This Chesapeake Bay Phytoplankton Finds Multiple Ways to Snack
This summer, I was presented with the unique opportunity to participate in the Maryland Sea Grant Research Experiences for Undergraduates (REU) program. My experiences in this program – going on a research cruise, canoeing the Patuxent River, and visiting the Smithsonian National Museum of Natural History – were incredible. As a California native, I did not predict that under any circumstances would I be traveling to the East Coast to study marine science, and I am beyond content with such a rewarding opportunity.
The Maryland Sea Grant REU is a 12-week program, most of which we spent doing our research projects, interspersed with other activities throughout the summer. After the third week, the REU fellows were required to submit a research proposal that described our research project, how we were going to do it, and why it was important. During the seventh week of the program, all REU Fellows presented mid-summer talks, and at the end of the program we all delivered our results and conclusions.
Before starting my project, I had the foundational knowledge of any person who has ever heard about phytoplankton – they are microscopic organisms that perform photosynthesis in the water (just like land plants!). After delivering my mid-summer talk, I developed an interest in researching plankton and learned to appreciate their ecological roles.
Under the mentorship of Dr. James Pierson and graduate student Nicole Millette at Horn Point Laboratory, I studied mixotrophy (the ability of an organism to perform photosynthesis and consume prey simultaneously) in a species called Heterocapsa rotundata. This species is a type of phytoplankton called dinoflagellates. Dinoflagellates are ubiquitous, and an algal bloom of dinoflagellates can cause red tides. Heterocapsa rotundata is common in the Chesapeake Bay, where it blooms (expands in population) during winter. Understanding what and how H. rotundata eat, and under what conditions, is important because, among other reasons, this species is part of a food web that supports striped bass larvae, a prized game fish in the Bay.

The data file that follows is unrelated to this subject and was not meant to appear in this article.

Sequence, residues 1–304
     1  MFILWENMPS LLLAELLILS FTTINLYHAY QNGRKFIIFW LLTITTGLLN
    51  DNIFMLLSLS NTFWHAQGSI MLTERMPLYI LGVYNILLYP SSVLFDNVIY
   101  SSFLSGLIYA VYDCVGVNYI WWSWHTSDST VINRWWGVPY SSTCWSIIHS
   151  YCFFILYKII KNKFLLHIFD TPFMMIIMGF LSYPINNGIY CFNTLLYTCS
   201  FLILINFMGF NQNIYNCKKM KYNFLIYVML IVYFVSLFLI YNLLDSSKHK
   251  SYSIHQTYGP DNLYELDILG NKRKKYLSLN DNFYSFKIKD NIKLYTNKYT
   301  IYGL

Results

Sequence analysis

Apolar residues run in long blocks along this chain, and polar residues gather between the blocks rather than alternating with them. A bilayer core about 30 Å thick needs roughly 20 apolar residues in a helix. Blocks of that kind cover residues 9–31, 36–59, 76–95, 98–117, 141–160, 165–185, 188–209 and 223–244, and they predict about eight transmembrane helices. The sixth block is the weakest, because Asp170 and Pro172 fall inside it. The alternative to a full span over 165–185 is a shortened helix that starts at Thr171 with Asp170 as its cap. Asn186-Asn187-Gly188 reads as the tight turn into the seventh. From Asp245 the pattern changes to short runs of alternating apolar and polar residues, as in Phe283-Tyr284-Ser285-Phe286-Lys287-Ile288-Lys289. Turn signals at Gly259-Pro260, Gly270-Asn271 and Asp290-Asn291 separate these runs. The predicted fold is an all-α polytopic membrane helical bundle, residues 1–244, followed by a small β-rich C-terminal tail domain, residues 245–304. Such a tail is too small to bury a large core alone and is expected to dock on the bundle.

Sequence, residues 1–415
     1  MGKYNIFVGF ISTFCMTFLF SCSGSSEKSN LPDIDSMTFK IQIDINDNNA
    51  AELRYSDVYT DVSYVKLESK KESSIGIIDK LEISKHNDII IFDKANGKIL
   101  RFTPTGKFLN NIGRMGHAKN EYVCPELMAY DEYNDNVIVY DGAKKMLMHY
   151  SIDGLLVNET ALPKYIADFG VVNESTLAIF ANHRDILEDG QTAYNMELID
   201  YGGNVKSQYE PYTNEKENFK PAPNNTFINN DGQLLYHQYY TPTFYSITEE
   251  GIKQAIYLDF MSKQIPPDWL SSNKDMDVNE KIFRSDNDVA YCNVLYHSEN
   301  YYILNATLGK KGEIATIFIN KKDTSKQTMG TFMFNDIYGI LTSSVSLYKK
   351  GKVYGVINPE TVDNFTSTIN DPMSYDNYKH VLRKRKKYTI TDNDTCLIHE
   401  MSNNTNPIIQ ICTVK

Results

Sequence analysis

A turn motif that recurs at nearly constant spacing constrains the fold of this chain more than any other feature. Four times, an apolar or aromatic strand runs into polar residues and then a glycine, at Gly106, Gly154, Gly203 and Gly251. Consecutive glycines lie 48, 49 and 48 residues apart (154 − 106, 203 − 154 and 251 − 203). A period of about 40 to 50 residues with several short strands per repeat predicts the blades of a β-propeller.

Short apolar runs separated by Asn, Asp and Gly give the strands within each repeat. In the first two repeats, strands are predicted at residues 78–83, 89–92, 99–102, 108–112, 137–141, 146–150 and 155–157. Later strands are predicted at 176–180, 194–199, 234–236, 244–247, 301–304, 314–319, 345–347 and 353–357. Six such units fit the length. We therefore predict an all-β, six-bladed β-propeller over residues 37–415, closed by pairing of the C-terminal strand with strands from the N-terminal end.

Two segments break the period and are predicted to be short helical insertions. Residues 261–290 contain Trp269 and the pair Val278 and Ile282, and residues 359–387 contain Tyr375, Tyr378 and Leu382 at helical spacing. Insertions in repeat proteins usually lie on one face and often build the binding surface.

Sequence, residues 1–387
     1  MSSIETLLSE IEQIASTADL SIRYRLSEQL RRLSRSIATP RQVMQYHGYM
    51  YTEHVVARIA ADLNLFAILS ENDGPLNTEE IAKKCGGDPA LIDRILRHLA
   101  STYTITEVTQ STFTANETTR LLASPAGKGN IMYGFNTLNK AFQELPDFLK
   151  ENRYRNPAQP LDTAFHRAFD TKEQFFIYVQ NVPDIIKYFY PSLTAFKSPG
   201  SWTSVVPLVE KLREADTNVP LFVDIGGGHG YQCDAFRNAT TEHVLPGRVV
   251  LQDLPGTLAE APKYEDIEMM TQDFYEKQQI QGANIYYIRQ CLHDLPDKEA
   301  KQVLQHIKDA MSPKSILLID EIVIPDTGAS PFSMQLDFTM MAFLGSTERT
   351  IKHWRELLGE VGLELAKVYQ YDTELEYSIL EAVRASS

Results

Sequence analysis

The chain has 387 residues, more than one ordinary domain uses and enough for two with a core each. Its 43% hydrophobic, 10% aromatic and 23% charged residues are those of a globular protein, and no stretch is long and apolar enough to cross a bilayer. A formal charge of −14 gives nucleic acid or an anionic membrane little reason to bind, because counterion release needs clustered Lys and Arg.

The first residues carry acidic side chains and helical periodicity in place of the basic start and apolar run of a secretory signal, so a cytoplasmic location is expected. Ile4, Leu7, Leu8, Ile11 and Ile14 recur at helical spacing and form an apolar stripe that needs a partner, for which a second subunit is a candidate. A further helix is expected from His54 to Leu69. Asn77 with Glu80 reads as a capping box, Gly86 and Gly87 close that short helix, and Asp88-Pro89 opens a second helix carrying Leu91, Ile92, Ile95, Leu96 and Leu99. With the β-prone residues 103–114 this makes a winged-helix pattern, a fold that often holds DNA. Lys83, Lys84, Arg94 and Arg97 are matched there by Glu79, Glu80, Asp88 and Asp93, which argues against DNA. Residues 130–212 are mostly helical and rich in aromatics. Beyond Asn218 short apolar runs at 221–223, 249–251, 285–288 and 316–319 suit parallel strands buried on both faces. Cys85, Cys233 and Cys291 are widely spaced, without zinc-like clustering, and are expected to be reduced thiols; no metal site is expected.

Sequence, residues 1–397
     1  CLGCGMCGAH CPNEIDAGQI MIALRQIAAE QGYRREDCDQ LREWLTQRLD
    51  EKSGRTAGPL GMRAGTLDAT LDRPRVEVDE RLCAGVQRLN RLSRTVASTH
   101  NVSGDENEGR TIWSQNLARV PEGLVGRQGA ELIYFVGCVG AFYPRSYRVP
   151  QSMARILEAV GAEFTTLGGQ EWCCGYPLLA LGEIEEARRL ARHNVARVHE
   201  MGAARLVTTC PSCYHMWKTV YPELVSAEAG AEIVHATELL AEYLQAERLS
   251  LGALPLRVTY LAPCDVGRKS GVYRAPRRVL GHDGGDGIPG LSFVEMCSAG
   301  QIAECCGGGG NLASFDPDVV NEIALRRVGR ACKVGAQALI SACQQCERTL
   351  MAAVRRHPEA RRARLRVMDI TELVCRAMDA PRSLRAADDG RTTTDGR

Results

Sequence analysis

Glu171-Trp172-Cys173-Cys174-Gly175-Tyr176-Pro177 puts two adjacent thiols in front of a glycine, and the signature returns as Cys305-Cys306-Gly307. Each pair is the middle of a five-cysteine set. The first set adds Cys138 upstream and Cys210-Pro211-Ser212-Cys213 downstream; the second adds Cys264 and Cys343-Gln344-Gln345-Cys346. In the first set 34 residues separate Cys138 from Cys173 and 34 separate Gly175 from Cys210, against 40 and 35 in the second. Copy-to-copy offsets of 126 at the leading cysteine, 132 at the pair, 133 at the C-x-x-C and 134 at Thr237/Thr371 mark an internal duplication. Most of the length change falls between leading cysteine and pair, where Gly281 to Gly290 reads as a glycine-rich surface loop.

Scientists have discovered that some dinoflagellate species can survive by performing both photosynthesis and phagocytosis, or ingesting prey when light and nutrient conditions are unfavorable for photosynthesis — such as during the winter when H. rotundata are most abundant. In our research project, we wanted to find out if H. rotundata was one of those mixotrophic species.
It didn’t matter that my summertime research project was focused on a winter-blooming species: We are able to study H. rotundata during the summer (and anytime) because it can be grown under varying, controlled conditions in a laboratory.
We conducted an experiment to determine if H. rotundata is mixotrophic. We injected fluorescent microspheres (tiny beads the size of a bacterial cell, a favorite food of H. rotundata, that fluoresced green light under the microscope) into containers with H. rotundata. After some time, we looked under the microsphere and found microspheres in the guts of H. rotundata. This was an exciting moment for us because we were able to reveal that H. rotundata can ingest prey.
In a separate experiment we studied how environmental conditions affected how quickly H. rotundata gobbled up bacteria. We altered light and ammonium concentration; we measured the grazing rate using flow cytometry, a method that relies on lasers for computing bacterial counts. As light and ammonium decreased, we observed an increase in grazing rates. This is an exceedingly awesome finding because it supports the concept that during the winter, when light is limited, H. rotundata doesn’t need to use photosynthesis for energy. They can feed on bacteria instead. (Yummy!)
This research is important because there is little research on winter phytoplankton production. Scientists have assumed that winter conditions (cold temperatures and limited light) are unfavorable for phytoplankton growth. Our research this summer was the first step to understanding mixotrophy in cultured H. rotundata. The next step would be to conduct field studies of H. rotundata from the Chesapeake Bay to better understand what’s going on in the food web in the wild.
I would like to thank the Maryland Sea Grant REU program for providing me with a once-in-a-lifetime opportunity and my mentors Dr. James Pierson and Nicole Millette for their wisdom on phytoplankton. For my fellow alumni REUs: We had some great adventures, and I am happy to call you all my friends, colleagues and family.
Photo, top left: fluorescent microspheres in the guts of Heterocapsa rotundata. Credit: Alison Aceves.
See all posts to the Fellowship Experiences blog.